“That is not so,” said the king… “I think your stock of sagas must be exhausted, because you have entertained us all through the winter, whenever you were called upon to do so. Now you are worried because your sagas have come to an end at Christmas time, and you do not wish to tell the same over again.”
“You have guessed rightly,” said the Icelander. “I know only one more saga, but I dare not tell it here, because it is the story of your adventures abroad.”
“That is the saga I particularly want to hear,” said the king, and he asked the Icelander to begin it on Christmas Day and tell a part of it every day. During the Christmas season there was a good deal of discussion about the entertainment. Some said it was presumption on the part of the Icelander to tell the saga and they wondered how the king would like it; others thought it was well told, but others again thought less of it. When the saga was finished, the king, who had listened attentively throughout, turned to the story-teller and said: “Are you not curious to know, Icelander, how I like the saga?”
“I am afraid to ask,” replied the story-teller.
The king said: “I think you have told it very well. Where did you get the material for it, and who taught it to you?”
The Icelander answered: “When in Iceland I used to go every summer to the Thing, and each summer I learned a portion of the saga from Halldór Snorrason.”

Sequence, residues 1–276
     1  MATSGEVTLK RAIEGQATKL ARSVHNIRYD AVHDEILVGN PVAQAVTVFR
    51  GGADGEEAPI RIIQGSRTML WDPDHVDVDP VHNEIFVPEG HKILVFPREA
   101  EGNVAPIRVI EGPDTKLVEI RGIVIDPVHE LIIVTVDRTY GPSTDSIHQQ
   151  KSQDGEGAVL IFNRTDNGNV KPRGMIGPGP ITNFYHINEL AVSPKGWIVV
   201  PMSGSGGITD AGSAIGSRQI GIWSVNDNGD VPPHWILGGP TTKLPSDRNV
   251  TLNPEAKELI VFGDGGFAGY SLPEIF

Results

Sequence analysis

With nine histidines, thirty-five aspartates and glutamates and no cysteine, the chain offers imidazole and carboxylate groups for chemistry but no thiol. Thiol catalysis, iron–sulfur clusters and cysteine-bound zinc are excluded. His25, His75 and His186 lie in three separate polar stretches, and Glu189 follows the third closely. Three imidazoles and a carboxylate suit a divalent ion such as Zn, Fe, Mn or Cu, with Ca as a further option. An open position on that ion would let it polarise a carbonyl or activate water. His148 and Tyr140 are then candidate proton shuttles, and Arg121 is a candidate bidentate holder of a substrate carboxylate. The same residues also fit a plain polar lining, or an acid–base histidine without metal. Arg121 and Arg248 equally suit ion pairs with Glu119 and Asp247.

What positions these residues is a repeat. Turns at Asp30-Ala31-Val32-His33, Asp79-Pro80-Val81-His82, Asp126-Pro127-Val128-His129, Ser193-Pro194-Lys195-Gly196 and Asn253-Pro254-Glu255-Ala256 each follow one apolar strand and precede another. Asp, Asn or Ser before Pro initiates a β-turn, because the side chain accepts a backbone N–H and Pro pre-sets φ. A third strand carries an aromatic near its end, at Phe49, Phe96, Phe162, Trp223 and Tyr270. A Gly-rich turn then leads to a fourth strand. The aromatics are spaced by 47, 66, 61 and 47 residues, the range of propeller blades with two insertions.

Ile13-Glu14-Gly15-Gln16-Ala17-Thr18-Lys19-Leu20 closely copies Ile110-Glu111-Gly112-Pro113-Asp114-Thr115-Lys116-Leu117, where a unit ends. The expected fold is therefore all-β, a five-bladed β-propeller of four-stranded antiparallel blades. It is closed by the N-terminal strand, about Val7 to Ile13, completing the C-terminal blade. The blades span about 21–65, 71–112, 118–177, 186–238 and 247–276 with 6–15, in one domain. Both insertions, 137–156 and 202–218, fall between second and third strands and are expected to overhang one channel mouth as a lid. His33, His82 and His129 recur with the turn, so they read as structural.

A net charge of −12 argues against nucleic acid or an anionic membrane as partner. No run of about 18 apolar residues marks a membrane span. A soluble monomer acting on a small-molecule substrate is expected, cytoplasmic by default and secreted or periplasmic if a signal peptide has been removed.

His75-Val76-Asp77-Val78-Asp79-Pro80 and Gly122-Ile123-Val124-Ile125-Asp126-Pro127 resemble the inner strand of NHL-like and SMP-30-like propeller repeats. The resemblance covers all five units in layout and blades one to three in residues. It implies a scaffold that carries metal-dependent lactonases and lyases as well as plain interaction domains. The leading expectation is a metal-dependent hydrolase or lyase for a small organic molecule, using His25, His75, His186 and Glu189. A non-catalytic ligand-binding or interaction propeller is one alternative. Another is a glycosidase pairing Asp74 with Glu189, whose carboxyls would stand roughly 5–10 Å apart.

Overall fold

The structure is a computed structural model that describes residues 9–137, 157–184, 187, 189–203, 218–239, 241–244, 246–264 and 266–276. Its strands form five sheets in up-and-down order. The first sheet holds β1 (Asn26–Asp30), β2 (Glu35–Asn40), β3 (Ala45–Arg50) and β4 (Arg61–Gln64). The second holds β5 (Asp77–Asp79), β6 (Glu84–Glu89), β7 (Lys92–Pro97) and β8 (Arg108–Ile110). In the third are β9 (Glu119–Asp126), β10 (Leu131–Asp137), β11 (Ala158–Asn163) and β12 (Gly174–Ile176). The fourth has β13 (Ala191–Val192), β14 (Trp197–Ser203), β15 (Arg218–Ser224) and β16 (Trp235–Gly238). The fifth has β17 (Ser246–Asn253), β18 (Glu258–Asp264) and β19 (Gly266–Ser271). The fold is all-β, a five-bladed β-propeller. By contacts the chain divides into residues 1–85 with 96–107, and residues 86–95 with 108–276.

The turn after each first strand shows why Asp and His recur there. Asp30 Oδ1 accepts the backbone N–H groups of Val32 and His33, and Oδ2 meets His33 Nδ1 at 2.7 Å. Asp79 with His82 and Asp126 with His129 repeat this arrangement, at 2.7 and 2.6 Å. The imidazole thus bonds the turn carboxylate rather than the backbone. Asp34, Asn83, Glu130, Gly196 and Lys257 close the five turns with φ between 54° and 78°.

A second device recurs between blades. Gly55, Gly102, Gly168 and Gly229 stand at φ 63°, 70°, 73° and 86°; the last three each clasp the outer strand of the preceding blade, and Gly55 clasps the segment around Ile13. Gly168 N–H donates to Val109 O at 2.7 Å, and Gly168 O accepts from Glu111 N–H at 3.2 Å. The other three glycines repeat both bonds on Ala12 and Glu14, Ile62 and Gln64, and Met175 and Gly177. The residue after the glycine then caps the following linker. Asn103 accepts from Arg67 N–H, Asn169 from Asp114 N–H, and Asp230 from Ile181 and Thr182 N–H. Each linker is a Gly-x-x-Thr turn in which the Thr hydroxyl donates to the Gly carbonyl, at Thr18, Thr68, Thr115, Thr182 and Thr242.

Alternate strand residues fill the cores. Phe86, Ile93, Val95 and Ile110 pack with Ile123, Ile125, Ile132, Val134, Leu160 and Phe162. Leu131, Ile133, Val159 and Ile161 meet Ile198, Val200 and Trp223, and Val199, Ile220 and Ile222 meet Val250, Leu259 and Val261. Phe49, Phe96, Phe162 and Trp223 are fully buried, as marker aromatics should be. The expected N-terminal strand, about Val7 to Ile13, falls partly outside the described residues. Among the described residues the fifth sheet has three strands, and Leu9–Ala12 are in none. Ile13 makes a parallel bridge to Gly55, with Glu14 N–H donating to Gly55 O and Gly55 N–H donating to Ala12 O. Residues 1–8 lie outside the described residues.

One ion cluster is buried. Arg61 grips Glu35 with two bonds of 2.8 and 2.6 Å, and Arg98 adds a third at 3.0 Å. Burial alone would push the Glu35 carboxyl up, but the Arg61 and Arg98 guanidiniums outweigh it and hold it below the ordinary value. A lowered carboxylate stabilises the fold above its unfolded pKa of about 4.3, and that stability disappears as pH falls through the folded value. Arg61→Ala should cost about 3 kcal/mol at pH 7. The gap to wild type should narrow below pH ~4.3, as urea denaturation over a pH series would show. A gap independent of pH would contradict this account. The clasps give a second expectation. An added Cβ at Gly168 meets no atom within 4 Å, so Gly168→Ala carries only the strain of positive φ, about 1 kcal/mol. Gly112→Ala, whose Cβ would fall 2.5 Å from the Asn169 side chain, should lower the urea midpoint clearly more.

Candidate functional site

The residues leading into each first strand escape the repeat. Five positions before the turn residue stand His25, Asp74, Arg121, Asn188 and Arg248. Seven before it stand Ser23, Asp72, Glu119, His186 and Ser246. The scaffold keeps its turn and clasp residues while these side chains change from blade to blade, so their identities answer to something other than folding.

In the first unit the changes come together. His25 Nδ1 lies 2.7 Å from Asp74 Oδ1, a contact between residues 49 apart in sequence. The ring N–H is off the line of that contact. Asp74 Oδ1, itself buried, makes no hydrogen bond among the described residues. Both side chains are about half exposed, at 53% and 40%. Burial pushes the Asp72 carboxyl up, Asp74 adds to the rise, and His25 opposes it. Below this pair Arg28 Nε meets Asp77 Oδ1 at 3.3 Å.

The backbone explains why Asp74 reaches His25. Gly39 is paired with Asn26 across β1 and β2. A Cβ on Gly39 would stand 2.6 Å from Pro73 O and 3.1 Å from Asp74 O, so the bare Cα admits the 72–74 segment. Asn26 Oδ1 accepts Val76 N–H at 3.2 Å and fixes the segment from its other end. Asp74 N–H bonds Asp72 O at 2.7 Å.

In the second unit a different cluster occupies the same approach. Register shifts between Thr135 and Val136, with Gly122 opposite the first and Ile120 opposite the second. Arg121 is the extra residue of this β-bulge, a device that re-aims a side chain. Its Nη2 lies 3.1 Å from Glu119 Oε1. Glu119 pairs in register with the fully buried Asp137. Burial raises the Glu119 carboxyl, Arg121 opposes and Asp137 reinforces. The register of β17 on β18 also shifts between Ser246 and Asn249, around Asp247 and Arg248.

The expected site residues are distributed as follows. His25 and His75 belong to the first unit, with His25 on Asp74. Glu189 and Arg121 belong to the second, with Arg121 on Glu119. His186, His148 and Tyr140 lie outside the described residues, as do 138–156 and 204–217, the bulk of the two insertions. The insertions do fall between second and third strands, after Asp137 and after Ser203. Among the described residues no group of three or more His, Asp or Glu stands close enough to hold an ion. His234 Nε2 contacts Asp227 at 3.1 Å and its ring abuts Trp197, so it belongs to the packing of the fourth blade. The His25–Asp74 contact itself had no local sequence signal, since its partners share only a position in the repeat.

“Then it is not surprising that you know it so well, since you have learned it from him,” said the king.
We may in fact see the origin of the Íslendinga Sögur in certain passages of the sagas themselves. In Fóstbroethra Saga, for instance, the story is told of an Icelander named Thormóthr, who went to Greenland in order to avenge the death of his foster-brother Thorgeirr. On one occasion he fell asleep in his booth, and when he awoke some time later he found, to his surprise, that the place was quite deserted. Then his servant Egill “the foolish” came to him and said: “You are too far off from a great entertainment.”
Thormóthr asked: “Where have you come from and what is the entertainment?”
Egill replied: “I have been to Thorgrímr Einarsson’s booth and most of the people who are attending the Thing are there now.”
Thormóthr asked: “What form of amusement have they?”
Egill answered: “Thorgrímr is telling a saga.”
“About whom is the saga?” asked Thormóthr.
“That I do not know clearly,” replied Egill, “but I know that he tells it well and in an interesting manner. He is sitting on a chair outside his booth and the people are all around him listening to the saga.”
Thormóthr said: “But you must know the name of some man who is mentioned in the saga, especially since you think it so entertaining.”
Egill replied: “A certain Thorgeirr was a great hero in the saga, and I think that Thorgrímr himself must have had some connection with it, and played a brave part in it, as is most likely. I wish you would go there and listen to the entertainment.”